I’m currently on day 6 of Whole30.
If you’re unfamiliar with Whole30, it’s basically one of the current healthy eating trends, a month-long dietary guide that, according to the authors of the idea, will lead to “total health and food freedom.”
Now, whether or not I’ll experience total health and food freedom remains to be seen—right now I’m trying to learn how to eat healthily, work through my cravings/withdrawals, and avoid public fits of unintentional rage. I mostly kid—but wow, while I knew this was going to be hard, I didn’t know it would be such an emotionally-charged journey.
But I guess like most types of freedom, food freedom comes at a cost. And food freedom is my ultimate goal. Sure, I’d like to lose a pound or two. And yes, I want to/need to learn how to eat in such a way that my body is fueled for energy and “living.”
But my ultimate goal? The reason I need to do this? I want food freedom…
Because… I’m a sugar addict. I know that sounds ridiculous. And for years I avoided using the term “addict” as it relates to my body’s unhealthy relationship with sweet things. But it’s true; my behavior as it relates to things like cake, ice-cream, certain kinds of candy, brownies, cookies—am I grossing you out yet?—“fruit” flavored ice pops, milkshakes, pies, tarts, cereal, syrup, etc. is pretty consistent with what I know about addictive conduct.
Googling “sugar addiction” will bring up a host of professional opinions about why sugar is addictive substance and other opinions as to why it’s not.
But all I know is that I love sugar. And I’m not proud of it. I’m ashamed.
In fact, what I’m getting ready to write is downright embarrassing for me. But I’m writing it because 1) it’s the truth and 2)
because maybe somebody else might relate to my story it’s the truth.
In 8th grade, I ate 2-3 KitKat bars nearly every day until my mother found out that I was 1) eating 2-3 KitKat bars a day and 2) using my allowance to buy 2-3 KitKat bars every day. That was not a good experience.
In college, I’d often buy a box of Twinkies or Swiss Roll Cakes after I was finished with my classes and eat the entire box before bedtime.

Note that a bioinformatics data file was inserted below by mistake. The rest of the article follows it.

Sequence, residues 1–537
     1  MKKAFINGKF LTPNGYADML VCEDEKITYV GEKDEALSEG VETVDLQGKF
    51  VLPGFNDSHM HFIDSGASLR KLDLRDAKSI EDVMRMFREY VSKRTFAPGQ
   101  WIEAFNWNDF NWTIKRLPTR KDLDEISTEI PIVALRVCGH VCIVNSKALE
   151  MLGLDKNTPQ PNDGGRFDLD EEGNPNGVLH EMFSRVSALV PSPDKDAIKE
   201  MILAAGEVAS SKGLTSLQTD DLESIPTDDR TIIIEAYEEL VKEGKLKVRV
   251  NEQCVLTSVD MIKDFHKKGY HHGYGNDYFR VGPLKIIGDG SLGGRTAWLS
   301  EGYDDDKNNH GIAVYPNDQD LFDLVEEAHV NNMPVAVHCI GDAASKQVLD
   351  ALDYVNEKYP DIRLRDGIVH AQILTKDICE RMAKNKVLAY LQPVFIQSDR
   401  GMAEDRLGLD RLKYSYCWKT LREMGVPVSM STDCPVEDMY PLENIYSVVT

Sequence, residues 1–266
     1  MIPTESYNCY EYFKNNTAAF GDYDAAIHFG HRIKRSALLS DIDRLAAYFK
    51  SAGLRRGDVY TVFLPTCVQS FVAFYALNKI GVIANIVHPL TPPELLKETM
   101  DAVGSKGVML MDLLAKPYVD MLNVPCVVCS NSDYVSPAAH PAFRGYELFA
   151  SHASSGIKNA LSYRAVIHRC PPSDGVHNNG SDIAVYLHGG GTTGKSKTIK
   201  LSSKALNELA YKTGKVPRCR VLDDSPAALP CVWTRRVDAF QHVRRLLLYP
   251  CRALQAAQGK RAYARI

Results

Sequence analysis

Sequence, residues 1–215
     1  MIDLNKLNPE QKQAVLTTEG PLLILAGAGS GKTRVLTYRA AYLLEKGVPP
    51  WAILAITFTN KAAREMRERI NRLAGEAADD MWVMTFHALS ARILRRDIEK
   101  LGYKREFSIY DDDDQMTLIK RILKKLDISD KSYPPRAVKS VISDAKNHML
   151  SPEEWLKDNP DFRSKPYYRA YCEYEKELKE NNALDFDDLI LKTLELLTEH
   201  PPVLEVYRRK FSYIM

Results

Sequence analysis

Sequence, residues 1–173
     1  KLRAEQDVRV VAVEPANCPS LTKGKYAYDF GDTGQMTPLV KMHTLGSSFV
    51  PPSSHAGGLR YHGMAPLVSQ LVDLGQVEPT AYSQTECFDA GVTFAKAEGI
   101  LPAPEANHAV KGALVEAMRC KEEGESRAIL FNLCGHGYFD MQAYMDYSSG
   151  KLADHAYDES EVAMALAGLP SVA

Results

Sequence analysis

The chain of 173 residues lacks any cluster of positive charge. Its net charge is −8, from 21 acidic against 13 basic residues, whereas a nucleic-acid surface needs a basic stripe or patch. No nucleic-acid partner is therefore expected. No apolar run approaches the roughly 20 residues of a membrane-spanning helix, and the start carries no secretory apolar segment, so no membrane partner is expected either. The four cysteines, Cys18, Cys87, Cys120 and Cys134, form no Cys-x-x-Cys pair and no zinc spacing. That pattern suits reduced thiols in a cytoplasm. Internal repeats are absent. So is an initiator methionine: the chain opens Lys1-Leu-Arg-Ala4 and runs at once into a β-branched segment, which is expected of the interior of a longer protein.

Yeah, my body needs sugar.
I have an inability to just eat 2 Double Stuf Oreo cookies. I almost always start with 5. Then go back for 4 more. I take a break for few minutes, maybe an hour or two, and then I’ll eat 3 at a time until they’re gone.
Two months ago, I bought a Pepperidge Farm “Birthday Cake”—it was not my birthday—at the grocery store. At 5:30pm, I had my first piece. I ate the last piece 12.5 hours later… for breakfast.
These kinds occurrences aren’t everyday happenings. Usually, my weakness for sugar can be satisfied without gorging—but it always gets satisfied with something. Sometimes I can go a couple days without eating “too much sugar”—but usually those days are guilt induced or right before my annual visit to the doctor for my checkup.
Sometimes I wake up in the middle of the night (usually between 2 and 3 a.m.) craving something sweet. And I’ll spare you the pitiful stories. But trust me, they aren’t pretty.
Friends are shocked when I confess my sweet addiction. I think they’re mostly surprised because I wear my problem pretty well. For the most part—but for that short stint in my early 30s when I was on antidepressants—I’ve never struggled with my weight. I workout enough to maintain in reasonably decent shape.
But I’ve long feared how my unhealthy eating habits would affect me down the road. While nobody in my immediate family is diabetic, my father’s extended family has a long history of the disease.
I’ve long hated myself for not being able to enjoy cake or cookies in moderation. A couple weeks ago, Adeline, my 4-year-old, made a passing comment about “Daddy eating lots of junk…” And that, of course, made me feel pretty much like you’d suspect—terrible.
But I’m honestly grateful she said it. I needed to hear it. I needed those cutting words to be said aloud. And honestly, if anybody else had said them, I’d have likely become defensive. But hearing her say them—in her adorable cutesy voice—was, well, gut-punching in the best possible way.
When I started Whole30, I had no intention of writing about it or using social media as an outlet to express my frustrations and struggles working through the program. But I don’t think I realized how emotional this experience was going to be. I don’t think I realized how much about myself and my habits I would begin to learn as I engaged the process of learning how to eat. Am I afraid of failing? Yes. Am I afraid of being successful for 30 days only to fall back into my old habits. Yeah.
But I’m 6 days clean. Sure, it’s felt like hell at times—headaches and mood swings and sleepiness and a bout or two of deep sadness.
But so far, I’m doing it, one well-balanced meal at a time.
So, yeah… My name is Matthew and I’m addicted to sugar. And that sounds cheesy and even ridiculous. But it’s true…
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